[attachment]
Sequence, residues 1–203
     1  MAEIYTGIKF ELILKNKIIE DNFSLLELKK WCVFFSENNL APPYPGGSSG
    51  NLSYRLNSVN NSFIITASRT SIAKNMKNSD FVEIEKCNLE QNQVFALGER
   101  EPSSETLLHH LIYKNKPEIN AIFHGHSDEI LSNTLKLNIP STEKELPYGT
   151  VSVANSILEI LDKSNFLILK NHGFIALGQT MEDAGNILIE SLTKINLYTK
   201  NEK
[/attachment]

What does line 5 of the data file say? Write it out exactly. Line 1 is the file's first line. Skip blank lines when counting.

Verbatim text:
   151  VSVANSILEI LDKSNFLILK NHGFIALGQT MEDAGNILIE SLTKINLYTK